Intraocular muscles nerves anatomy pupils and lens

Author:

Sam Webster

Keywords:

eye,sympathetic,parasympathetic,CN II,CN V,nasociliary,sphincter pupillae,dilator pupillae,ciliary body,ciliary ganglion,short ciliary nerve,long ciliary nerve,pupil,iris,lens,cornea,anatomy,Sam Webster,Swansea,dontbeasalmon

Subtitles:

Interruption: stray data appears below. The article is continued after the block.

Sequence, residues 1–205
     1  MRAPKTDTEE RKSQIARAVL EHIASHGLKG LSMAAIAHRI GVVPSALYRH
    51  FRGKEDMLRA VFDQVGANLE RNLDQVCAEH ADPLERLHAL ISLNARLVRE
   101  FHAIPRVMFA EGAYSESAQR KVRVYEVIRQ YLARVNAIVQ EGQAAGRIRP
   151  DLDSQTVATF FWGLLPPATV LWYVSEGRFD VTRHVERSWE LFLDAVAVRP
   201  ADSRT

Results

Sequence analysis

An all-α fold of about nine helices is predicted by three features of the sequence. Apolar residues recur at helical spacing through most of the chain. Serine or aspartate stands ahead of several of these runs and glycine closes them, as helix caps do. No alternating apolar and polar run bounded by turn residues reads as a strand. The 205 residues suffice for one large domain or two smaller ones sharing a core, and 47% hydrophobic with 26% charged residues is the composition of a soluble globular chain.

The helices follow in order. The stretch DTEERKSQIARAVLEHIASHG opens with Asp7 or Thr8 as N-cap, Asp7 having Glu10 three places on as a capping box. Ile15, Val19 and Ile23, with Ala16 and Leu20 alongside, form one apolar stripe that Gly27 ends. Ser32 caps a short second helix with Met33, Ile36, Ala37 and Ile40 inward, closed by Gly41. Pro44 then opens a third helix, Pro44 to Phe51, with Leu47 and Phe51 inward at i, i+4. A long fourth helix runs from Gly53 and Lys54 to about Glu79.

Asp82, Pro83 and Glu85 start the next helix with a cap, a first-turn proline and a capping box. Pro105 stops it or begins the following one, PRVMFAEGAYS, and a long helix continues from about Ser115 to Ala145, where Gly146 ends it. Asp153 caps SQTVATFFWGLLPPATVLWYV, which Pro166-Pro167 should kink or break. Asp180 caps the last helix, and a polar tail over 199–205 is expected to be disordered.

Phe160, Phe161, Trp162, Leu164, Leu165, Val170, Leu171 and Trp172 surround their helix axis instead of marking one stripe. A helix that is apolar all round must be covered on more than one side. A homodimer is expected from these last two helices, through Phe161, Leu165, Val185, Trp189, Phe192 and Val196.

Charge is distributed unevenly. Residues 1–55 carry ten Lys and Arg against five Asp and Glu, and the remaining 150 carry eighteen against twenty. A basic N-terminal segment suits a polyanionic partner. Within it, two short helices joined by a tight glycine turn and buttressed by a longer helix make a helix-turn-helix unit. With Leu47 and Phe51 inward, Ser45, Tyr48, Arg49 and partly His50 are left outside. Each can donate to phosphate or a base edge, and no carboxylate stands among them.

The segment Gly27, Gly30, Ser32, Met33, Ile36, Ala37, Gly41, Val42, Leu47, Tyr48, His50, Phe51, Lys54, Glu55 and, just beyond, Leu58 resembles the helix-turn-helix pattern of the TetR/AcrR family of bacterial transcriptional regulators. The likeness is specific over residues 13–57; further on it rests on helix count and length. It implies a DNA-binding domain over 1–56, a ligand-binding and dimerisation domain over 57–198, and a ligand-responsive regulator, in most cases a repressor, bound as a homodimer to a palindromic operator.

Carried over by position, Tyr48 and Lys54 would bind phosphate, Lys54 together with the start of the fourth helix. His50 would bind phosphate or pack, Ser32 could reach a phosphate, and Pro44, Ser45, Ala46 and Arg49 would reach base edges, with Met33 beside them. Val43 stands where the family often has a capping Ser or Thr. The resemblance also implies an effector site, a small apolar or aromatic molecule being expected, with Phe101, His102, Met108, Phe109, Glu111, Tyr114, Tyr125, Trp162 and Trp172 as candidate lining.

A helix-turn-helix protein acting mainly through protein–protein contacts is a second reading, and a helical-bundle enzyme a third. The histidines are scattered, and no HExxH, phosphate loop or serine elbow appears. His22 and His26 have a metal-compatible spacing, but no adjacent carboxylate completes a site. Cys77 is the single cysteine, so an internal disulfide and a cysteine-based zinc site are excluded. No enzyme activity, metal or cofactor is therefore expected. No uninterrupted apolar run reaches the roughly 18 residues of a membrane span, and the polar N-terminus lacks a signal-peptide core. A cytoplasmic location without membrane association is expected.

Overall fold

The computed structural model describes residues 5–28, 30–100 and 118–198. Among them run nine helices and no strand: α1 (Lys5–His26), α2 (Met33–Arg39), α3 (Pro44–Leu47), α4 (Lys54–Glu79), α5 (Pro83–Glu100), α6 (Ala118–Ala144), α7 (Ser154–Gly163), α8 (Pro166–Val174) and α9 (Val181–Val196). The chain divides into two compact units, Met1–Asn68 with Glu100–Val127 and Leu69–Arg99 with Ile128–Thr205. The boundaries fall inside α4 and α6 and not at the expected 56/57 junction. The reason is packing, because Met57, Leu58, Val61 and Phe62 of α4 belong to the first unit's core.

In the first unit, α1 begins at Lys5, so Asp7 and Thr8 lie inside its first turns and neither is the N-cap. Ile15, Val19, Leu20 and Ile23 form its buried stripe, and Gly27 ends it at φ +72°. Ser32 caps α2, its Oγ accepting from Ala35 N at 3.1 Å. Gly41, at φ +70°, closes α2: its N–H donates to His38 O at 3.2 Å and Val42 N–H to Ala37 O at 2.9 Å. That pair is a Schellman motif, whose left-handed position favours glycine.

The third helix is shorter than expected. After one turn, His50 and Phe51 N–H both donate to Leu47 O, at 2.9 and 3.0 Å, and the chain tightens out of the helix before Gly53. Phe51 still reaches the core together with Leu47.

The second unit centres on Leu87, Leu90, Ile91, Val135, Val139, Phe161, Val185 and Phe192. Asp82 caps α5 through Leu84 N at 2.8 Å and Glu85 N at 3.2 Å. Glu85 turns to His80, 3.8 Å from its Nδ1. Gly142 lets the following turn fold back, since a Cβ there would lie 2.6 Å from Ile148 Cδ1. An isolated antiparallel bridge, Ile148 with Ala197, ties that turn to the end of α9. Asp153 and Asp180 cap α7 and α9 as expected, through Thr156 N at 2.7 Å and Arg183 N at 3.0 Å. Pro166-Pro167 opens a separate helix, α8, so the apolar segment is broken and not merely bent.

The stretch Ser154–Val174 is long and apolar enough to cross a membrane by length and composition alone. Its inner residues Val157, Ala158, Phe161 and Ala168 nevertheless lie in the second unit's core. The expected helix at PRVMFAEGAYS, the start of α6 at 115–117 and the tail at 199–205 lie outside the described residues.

[Music] okay so in previous weeks we've been doing various things with the eye we stayed outside the eyeball this week we're going to get inside the eyeball and we're sticking with nerves this time we've got a workout how sympathetic nerves get into the eyeball how parasympathetic nerves get into the eyeball and how the intra ocular muscles are innervated so there's still quite a lot to do I think what we'll do is we'll start anteriorly so we'll start with the bit we can see we'll start with the pupil and the iris because you know the pupil gets larger and smaller and then we'll go a step back and look at the lens and the muscles that affect the lens and then we'll do the last bit of the retina which I'm not going to do in any detail at all I'm just gonna say retina optic nerve that's about it and then we should have there's also a general sensation as well remember the trigeminal nerve that sends a branch inside the eyeball to get to the cornea if we layer it up like that the complexity that you see on some diagrams should seem less confusing all right good luck okay so I've got yeah I got a lot more thus today let's have a look inside this eye beware this one this is just the eye balled without the muscles and stuff you can see you get an idea at the ballet look all the little nerves that are going in there if I take this apart so the see-through bit is the cornea and then of course we've got the iris here and the pupil in the middle and you know the pupil changes size in response to the amount of light available so if it's very bright the pupil gets smaller and if it's not very bright the people slowly dilate right if you flash a light if you shine light into somebody's eyes you should see that in fact if you shine light into one eye you should see the same reaction in both pupils so what we must have is in the iris then there are two muscles we have one circular muscle which is sphincter poopley and then we have a muscle like a radial muscle with the fibers running in this direction around the outside kind of in the in the direction of lines that you see the iris in and that's dilator pupil e1 is innovated by sympathetic nerve fibers and one is innovated by parasympathetic nerve fibers so both of those are motor autonomic nerves so obviously you don't have control over pupilary dilation and constriction it's an autonomic response now which one does which the way to remember is Robbie and headlights right so you know the sympathetic nervous system and adrenaline are responsible for the fight-or-flight response part of our fight-or-flight response if you think about the rabbit in the headlights who stopped still wide eyes dilated pupils as well maybe so dilated pupil II the muscle with the radial fibers like that that's innovated by the sympathetic nerves and that causes the pupil to to widen also remember we talked about the the muscle up here the the the superior tarsal muscle which also has sympathetic fibers which is causes the lifting of the oil it's and but the but see so that means that the opposite then the parasympathetic nerves innervate sinter poopley which then running radially around here cause the sphincter to close in the pupils to shrink in response to bright daylight those are all smooth muscles within the iris on the other side of the colored part which kind of aren't really shown on here the next bit thank you see there's the lens so the pupil is a hole and the lens is on the other side this is the anterior chamber under here so what about the lens then you're probably aware that the lens changes shape the job of the lens is to focus light on the retina at the back of the eye right and we're not going to go into the physics of all of that but there is a lot physics ER when we look at something far away when we focus on a distant object the lens is quite thin and it focuses that distant light onto the retina so that we see a sharp image whereas when we're reading when we're looking at something close up when we're focusing on a close object the lens fattens and by fattening it again focuses the light from that near object on the retina to give us a sharp image now that's what asked mammals do is we should change the shape of the lens I think birds of prey have got I think they can even change the shape of their cornea and they might even have two fovea on the on the retina they which accounts for their amazing eyesight but us mammals we do that by changing the shape of the lens if you change the shape of the lens how are we going to do that it's going to be muscular and again it's autonomic because we're not I mean you can kind of you you can kind of control the focus a bit can you but essentially it's under autonomic control that the way in which this works is a little bit backwards inside the eye there are three layers of tissues one of those layers is called the vascular layer and the vascular layer where it exists around the lens because obviously it's going to leave a hole for the lens there is smooth muscle arranged within that vascular layer the muscle in this vascular layer is called the ciliary body so the ciliary body when you see in an illustration of course you only ever see in 2d like cross-sectional things so it's like it looks like a flat thing but we've imagined the ciliary body as a sphincter as a circular sphincter like other sphincters in the body and it runs around the lens now the lens is suspended from the ciliary body by fibers by like ligamentous fibers by collagen fibers these fibers get called zoella fibers or zhonya nerve fibers this area gets called the zone new lives in which is a great name so these fibers of Zin if you want to the contemporary term would be to call this as suspensory ligament they're rather suspensory ligaments around the body there's another one outside the eye you've come across lots of suspensory ligaments at all it's a good general term but um the lens is suspended from the ciliary body by fibers running around in between them and that would be the suspensory ligament so again that's a circular suspensory ligament so now what happens right when the ciliary body contracts it's going to shrink cuz it's a sphincter right and when the ciliary body relaxes its gonna open up because it's a sphincter and that's what sphincters do what effect is that going to have on the lens but if the lens is in the middle and it's it's suspended from the ciliary body by those collagen fibers by the suspensory ligament when the ciliary body relaxes and gets bigger the lens is going to get stretched and flattened so when the ciliary body is relaxed you're going to be able to focus on distant objects when the ciliary body contracts then those that suspensory ligament is also going to relax and the lens is going to shrink and it's going to fatten which means that when the ciliary body contracts you're able to focus on near objects this is essentially controlled by parasympathetic innervation so these thus the muscles in the ciliary body are controlled by parasympathetic nerves so when there is parasympathetic innervation it contracts and you focus on near objects and when that parasympathetic innervation is removed the ciliary body relaxes the the the lens gets stretched and you focus on distant objects hopefully the way I've explained it seems really straightforward because the time you came to Italy it often seems a bit backwards if I describe to you why it's confusing you're gonna get confused if you've not be confused by it then you're not confuse nice that's good right next question where do those parasympathetic nerve fibers come form well we looked at the extra ocular muscles and we saw that most of the extraocular muscles moving the orbit were innovated by the oculomotor nerve very well named coriander 3 and also know the trochlear in abducens nerve well it turns out that the intra ocular muscles are also innovated by the oculomotor nerve good huh so the oculomotor nerve produces mostly somatic motor neurons for those extra ocular muscles but also parasympathetic neurons it produces a bunch of preganglionic parasympathetic neurons which go out and make their destination are the Paris of a smooth muscle fiber smooth muscle fibers of the of the ciliary body and the sphincter poopley muscles right do you remember where the oculomotor nerve comes from it's a bit bigger on this model than it was on the other model but the oculomotor nerve comes out of the midbrain here and some reason the parasympathetic nucleus involved in this is is quite famous and people seem to remember its name the heading of Westphal nucleus and do you remember last time we were talking about the cerebral aqueduct here and the midbrain here well the eddying Avesta foul nucleus is very close to the other nuclei of the oculomotor nerve it's in the midbrain and a pop site as we saw there dives through the superior orbital fissure at the back of the orbit because that's how pretty much everything gets from the cranial cavity into the orbit unless you're the optic nerve or similarly special and then those preganglionic parasympathetic nerves get to the ciliary ganglion and the ciliary ganglion is one of the four parasympathetic ganglia of the head say four there's four on each side so parasympathetic and sympathetic nerves we have pre ganglionic neurons coming out of the central nervous system they find their way to a ganglion a collection of cell bodies they synapse with another neuron and that postganglionic neuron goes off to his target organ now in the case of the the the parasympathetic nerves going to the the eye going inside the eye that off that's the ciliary ganglion and in the ciliary ganglion and that's a parasympathetic ganglion those preganglionic parasympathetic neurons parts of the oculomotor nerve cranial nerve three they've run in there they meet our postganglionic parasympathetic neurons synapse with it and that neuron shoots off and through these nerves here it's getting to the orbit these nerves get called the short ciliary nerves because stuff randy gets called ciliary but if they're a short ciliary nerves then there must be longer ciliary nerves these other nerves going up here these longer ones those are the long sinewy nerves so those postganglionic parasympathetic neurons run with the short ciliary nerves could get into the eyeball and then they whip off to those Targhee muscles that we were talking about earlier cool huh next question if that's how the parasympathetic neurons gain their how do these sympathetic neurons get into the eye well all sympathetic neurons come out of the spinal cord in the thoracic levels one right so that preganglionic sympathetic neuron comes out of the spinal cord and you know about the sympathetic trunk right the trunk of sympathetic ganglia running down the the posterior thoracic cage the posterior thoracic wall posterior pelvic posture you neck and what have you right well the main way the sympathetic neurons travel around the body or one of the main ways is by following arteries so of course all the orbit all right and then here's a huge red blood vessel here and you can see that it's covered in little white lines what's the blood vessel that's the internal carotid artery because that's gone inside the cranial cavity and makes this room s-shape and at the end of our earth shape it one's posterior to the superior orbital fissure so postganglionic sympathetic neurons work their way up the sympathetic trunk and then they follow the common carotid artery an internal carotid artery up into the cranial cavity and they stay with it until it runs posterior to the orbit and then they jump off those sympathetic nerves jump off run through the superior orbital fissure because everything goes through that right and then they run auntie merely through here and they'll take whatever route they can get to get into the eye which means that they can on what some of them will run through the ciliary ganglion they won't sign up they're just running through it's just cabling it's just a convenient route for them to follow and they they're within also then the short ciliary nerves and they run into the eyeball and they do they're sympathetic jobs within the on label which is the motor bit we just we just talked about there is some discussion about sympathetic nerves also affecting the the ciliary body and the the lens you know opposing the parasympathetic innervation so that when you're startled you also focus on distant objects nine times how true that is but there you go so they'll do those sympathetic motor jobs we've been talking about but also of course sympathetic nerves one of the reasons they're following the arteries is because they're going to affect the smooth muscle in the artery walls and and be involved in regulation of where blood goes in blood flow so they're also gonna go into the retina and into the blood vessels within the retina and control blood flow through there some of them are going to run through the long ciliary nerves because why not you just trying to find any way you can get from here to the eyeballs you go through the long ciliary nerves and that's how the sympathetic nerves and the parasympathetic nerves get into the eyeball but there is a nother nerve going into the eyeball and it's kind of the real reason the long ciliary nerves exist but I've got to pick up this big model again I could do with the big do it like a tall thing he couldn't write the short ciliary nerves run between the ciliary ganglion and the eyeball those are the short ciliary nerves now really the long ciliary nerves are running across here and this nerve here these are branches of the trigeminal nerve that we talked about some weeks ago we talked about the trigeminal nerve and how it innovates you know carriage general sensory innervation from the skin of the face and the eyelid in the conjunctive or an ass or thing right now the mezzo ciliary nerve is a branch that's going to send some general sensory fibers through these long ciliary nerves to get into the eyeball and the ultimate destination of those neurons is is the cornea right so the the cornea has general sensation and you know if you try and touch her you really can you really don't want to and that's the the blink reflex so the I mean you know even if you were to touch the cornea likely with the bud of Cornwall you should trigger the blink blink reflex so general sensation is going to travel through those general sensory neurons through the long ciliary nerves through the nay's of ciliary nerves and then back through the ophthalmic branch of the trigeminal nerve and back to the brain and then trigger the facial nerve to close the oil herbs that that's the blink reflex they should happen but both eyes should happen on both sides so that was the real reason that the long ciliary nerves are there they're actually a branch of the nazo ciliary nerves carrying general sensation from the cornea the sympathetic nerves just run through there just for fun I think as most of the stuff that goes through the eyeball there's obviously one big one that we haven't talked about and that's the optic nerve by the way those that the general sensory nerves of the nazo ciliary know if they'll actually run through some of those will run through the ciliary ganglion as well once I napped with it they'll just run through and through the short silly wee nerves getting the eyeball these nerves they just seem to follow whatever path they can it's probably because in the embryo they're following similar chemotactic cues anyway the the optic nerve cranial nerve to the optic nerve is as I'm sure you're aware carrying special sensory information back from the retina carrying vision and I'm not going to talk about it too much because that's another very minute talk all in its own suffice to say that cranial nerve two is considered a direct extension of the central nervous system so it's not like a peripheral nerve in normal sense the retina and the optic nerve are are an outgrowth and extension of the forebrain so they're quite special and because of that if you follow the optic nerve through the optic canal and into the orbit it's covered by the three layers of connective tissue of PMA - arachnoid mater and dura mater with a bit of CSF and what have you and it yeah that's all I'm going to say is it runs to the eye carries vision one thing is worth mentioning is that within the nerve there is a little artery and a little vein and those are the central retinal artery and central retinal vein carrying blood vessels to the retina but that's it those are the nerves that enter the eye so now we've talked about the intra ocular muscles the sympathetic and parasympathetic nerves that innervate those muscles and how they get there we've added on a bit of general sensation and we've briefly mentioned the optic nerve if ever we talk about the optic nerve what we really should do is talk about the retina the optic nerve the optic tract tract the lateral geniculate nucleus and the thalamus and the yeah we should follow the whole tractor back and how all crosses over and what happens when you damage different bits because that's a whole topic in its own right but we'll save that for another day right so if you see complicated diagrams of nerves going to and from the Ani ball and passing through the ciliary ganglion don't get to befuddle just think about the nerves are going from one place and trying to get to another place and they're just taking whatever route they can and the only parasympathetic neurons synapse in the ciliary ganglion other nerves do pass through the single ciliary ganglion but they're just passing through it's just cabling at that point all right I've made a right mess now like you guys next week [Music]